The Chiefs’ offense has seemed so different and high-powered in the newly minted Patrick Mahomes Era, but it’s hardly foreign to players who’ve been with coach Andy Reid for an extended period of time.
Like Spencer Ware.
Ware, who reclaimed the starting running back job in the wake of Kareem Hunt’s ouster last week following the release of a video showing Hunt shoving and kicking a young woman, has been here before. He stepped into the full-time starting role in 2016 and accounted for 1,368 yards from scrimmage that season.
This weekend, the Chiefs will play their first game at Arrowhead Stadium in a month when they host the Baltimore Ravens. It’ll be their first home game without Hunt. It’ll also be Ware’s first start in front of the Chiefs’ home crowd since their playoff game against the Pittsburgh Steelers in January 2017.
Digital Access For Only $0.99
For the most comprehensive local coverage, subscribe today.
What will Ware look like in this version of the Chiefs’ offense? How will his role be different now that he’s the primary running back in the Reid-Mahomes attack?
“Nothing has changed,” Ware said. “Make big plays and score touchdowns, win games, second effort goes a long way and fight for one another. Nothing has changed, I know personally, as far as me as a player and also as a person — mentality-wise — I do everything for my teammates and I’m trying to do whatever to win.”
If you have further questions, Ware suggests you’ll find answers in the tape of his previous games in a Chiefs uniform.
“My film is my resume,” Ware said of what elements he brings to the position. “You see what I do on film for the time that I’ve been here in Kansas City. I’ll continue to play my type of ball.”
In his 17 career starts for the Chiefs, the former LSU standout has been a consistent part of the passing game as a receiver. He’s had at least one catch in 16 of those games and two or more in 11 others, including his seven-catch, 129-yard receiving performance against the Chargers to start the 2016 season.
He’s proven himself to be more than just a screen or shovel pass threat. Many of his catches come on routes out of the backfield or after he lines up out wide as a receiver. As a runner, once he plants his foot and turns up field, Ware has been a handful for defenders at the second level.
“For Spence, he just has that toughness in how he runs,” Mahomes said. “It’s like every single time he gets tackled, he’s pushing the pile for an extra few yards. You saw when he got to the goal line how he fought and got that touchdown (vs. Oakland last weekend). He’s also really smart. He can help me with protections if I need it because he’s been here that long. He’s just a smart player to have back there.”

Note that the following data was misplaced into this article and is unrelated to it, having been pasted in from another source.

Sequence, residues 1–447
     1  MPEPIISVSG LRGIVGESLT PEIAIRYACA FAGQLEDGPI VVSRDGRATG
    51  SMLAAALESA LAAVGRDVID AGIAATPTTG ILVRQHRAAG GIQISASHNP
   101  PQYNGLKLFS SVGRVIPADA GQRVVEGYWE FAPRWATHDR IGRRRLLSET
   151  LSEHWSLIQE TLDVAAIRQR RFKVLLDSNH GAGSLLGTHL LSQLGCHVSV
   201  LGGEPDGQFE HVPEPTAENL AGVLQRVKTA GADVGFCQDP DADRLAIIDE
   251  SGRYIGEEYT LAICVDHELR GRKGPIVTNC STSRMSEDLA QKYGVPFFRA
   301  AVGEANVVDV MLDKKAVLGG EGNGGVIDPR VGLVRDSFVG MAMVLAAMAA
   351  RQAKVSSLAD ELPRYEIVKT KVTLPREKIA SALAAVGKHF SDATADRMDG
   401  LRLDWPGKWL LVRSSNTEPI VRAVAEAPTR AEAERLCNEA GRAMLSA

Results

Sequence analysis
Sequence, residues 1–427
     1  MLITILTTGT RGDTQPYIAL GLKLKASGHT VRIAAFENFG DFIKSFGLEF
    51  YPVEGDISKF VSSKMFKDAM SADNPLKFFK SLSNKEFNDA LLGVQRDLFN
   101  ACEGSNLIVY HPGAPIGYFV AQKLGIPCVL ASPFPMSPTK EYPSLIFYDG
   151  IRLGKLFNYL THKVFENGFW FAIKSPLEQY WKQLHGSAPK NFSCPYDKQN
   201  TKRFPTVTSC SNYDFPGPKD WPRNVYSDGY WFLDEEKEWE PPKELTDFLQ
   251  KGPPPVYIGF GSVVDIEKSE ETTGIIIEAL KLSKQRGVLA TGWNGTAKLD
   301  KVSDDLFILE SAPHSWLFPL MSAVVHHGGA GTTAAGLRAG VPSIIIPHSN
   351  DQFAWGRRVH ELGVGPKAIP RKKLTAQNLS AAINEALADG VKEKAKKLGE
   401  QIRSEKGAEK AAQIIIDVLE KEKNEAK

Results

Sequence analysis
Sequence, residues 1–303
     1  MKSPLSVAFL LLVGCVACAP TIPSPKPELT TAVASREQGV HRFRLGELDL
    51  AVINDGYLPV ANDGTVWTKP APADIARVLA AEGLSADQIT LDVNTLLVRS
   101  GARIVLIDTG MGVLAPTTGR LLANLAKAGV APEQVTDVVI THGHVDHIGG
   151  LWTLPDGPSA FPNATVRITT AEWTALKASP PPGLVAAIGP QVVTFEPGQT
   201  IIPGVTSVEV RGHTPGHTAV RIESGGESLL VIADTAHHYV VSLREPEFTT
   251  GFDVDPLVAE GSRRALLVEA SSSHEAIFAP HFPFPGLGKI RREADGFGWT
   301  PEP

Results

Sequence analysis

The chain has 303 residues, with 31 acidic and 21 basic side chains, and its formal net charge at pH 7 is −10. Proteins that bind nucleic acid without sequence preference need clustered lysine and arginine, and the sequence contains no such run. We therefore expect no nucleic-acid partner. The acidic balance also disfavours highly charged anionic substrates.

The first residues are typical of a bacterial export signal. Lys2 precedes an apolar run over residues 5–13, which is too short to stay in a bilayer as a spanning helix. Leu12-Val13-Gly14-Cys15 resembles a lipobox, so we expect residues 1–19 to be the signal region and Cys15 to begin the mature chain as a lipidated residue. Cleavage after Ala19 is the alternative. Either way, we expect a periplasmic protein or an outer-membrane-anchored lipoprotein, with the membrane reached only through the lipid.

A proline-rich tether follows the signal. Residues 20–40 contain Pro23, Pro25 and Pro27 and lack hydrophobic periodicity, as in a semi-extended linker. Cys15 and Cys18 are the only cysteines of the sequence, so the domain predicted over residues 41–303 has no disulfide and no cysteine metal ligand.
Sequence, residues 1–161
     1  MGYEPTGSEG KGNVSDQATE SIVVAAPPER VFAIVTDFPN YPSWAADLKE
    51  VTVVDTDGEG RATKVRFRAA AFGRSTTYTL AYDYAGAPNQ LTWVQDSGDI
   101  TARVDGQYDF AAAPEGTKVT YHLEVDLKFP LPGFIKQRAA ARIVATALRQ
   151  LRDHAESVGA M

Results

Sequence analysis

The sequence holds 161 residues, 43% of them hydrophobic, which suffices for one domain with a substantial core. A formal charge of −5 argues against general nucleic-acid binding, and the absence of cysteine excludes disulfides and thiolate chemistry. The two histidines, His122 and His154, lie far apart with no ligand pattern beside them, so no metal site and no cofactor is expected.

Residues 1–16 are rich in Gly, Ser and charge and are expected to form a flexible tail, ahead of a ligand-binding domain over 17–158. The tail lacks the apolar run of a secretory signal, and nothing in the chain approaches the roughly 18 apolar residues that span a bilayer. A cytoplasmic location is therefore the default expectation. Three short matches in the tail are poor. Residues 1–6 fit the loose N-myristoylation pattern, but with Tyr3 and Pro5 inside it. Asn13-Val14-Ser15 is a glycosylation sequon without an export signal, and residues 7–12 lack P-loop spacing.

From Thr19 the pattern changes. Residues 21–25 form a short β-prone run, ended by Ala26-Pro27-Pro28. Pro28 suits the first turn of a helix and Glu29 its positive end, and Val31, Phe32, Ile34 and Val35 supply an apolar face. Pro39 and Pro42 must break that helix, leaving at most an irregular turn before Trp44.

Ware returned this summer during training camp, working his way back slowly following a devastating knee injury suffered the previous preseason that wiped out his entire 2017 regular season. Ware, who’d shared the primary running back role with Charcandrick West in 2015 following Jamaal Charles’ injury, tore the MCL and PCL in his right knee in the Chiefs’ third preseason game.
This season, Ware rushed 22 times for 124 yards and caught 14 passes for 165 yards in 11 games as Hunt’s backup.
Last weekend, with the news on Hunt breaking roughly 24 hours ahead of Sunday’s kickoff against the Raiders, Ware rushed for 47 yards on 14 carries on short notice. With a week of preparation and game-planning with Ware as the starter, Reid and his staff figure to make subtle changes to maximize Ware’s ability.
“We’ll try to utilize his strengths. I can’t tell you (exactly how),” Reid said, wanting to keep his cards close to his vest. “But that’s what we’re going to try to do. We try to do that with every player, if we can, exploit their strengths and then work on their weaknesses so maybe those can become strengths.”
It won’t be as if the Chiefs’ coaching staff or players will be integrating a new guy without any track record into the mix. Ware rushed for 921 yards and caught 33 passes for 447 yards in 14 starts in 2016.
“This offense has had Spence before as the lead guy, and it was going pretty good,” said West, who the Chiefs re-signed on Monday. “With Coach Reid and this coaching staff, the sky is the limit because they know how to use our skill-sets. We all don’t do the same things — we all know that — but he does a good job of putting us in the right position.”
As for the Ravens, who boast the NFL’s top-ranked defensive unit both in yards allowed per game (281.7) and fewest points allowed per game (17.8), coach John Harbaugh said he doesn’t expect a whole lot to change with the Chiefs’ offense.
“Not dramatically, no. I think they’ll run the same plays,” said Harbaugh, a former assistant under Reid in Philadelphia. “(Ware) is a heck of a physical guy, downhill guy, but gosh, that’s not something they hadn’t been enjoying before. I don’t expect anything dramatically new. But I say that in terms of who is playing running back. You always expect something new from Andy and from their game plans from (Chiefs offensive coordinator) Eric (Bieniemy) and the guys. They usually come up with something pretty creative.”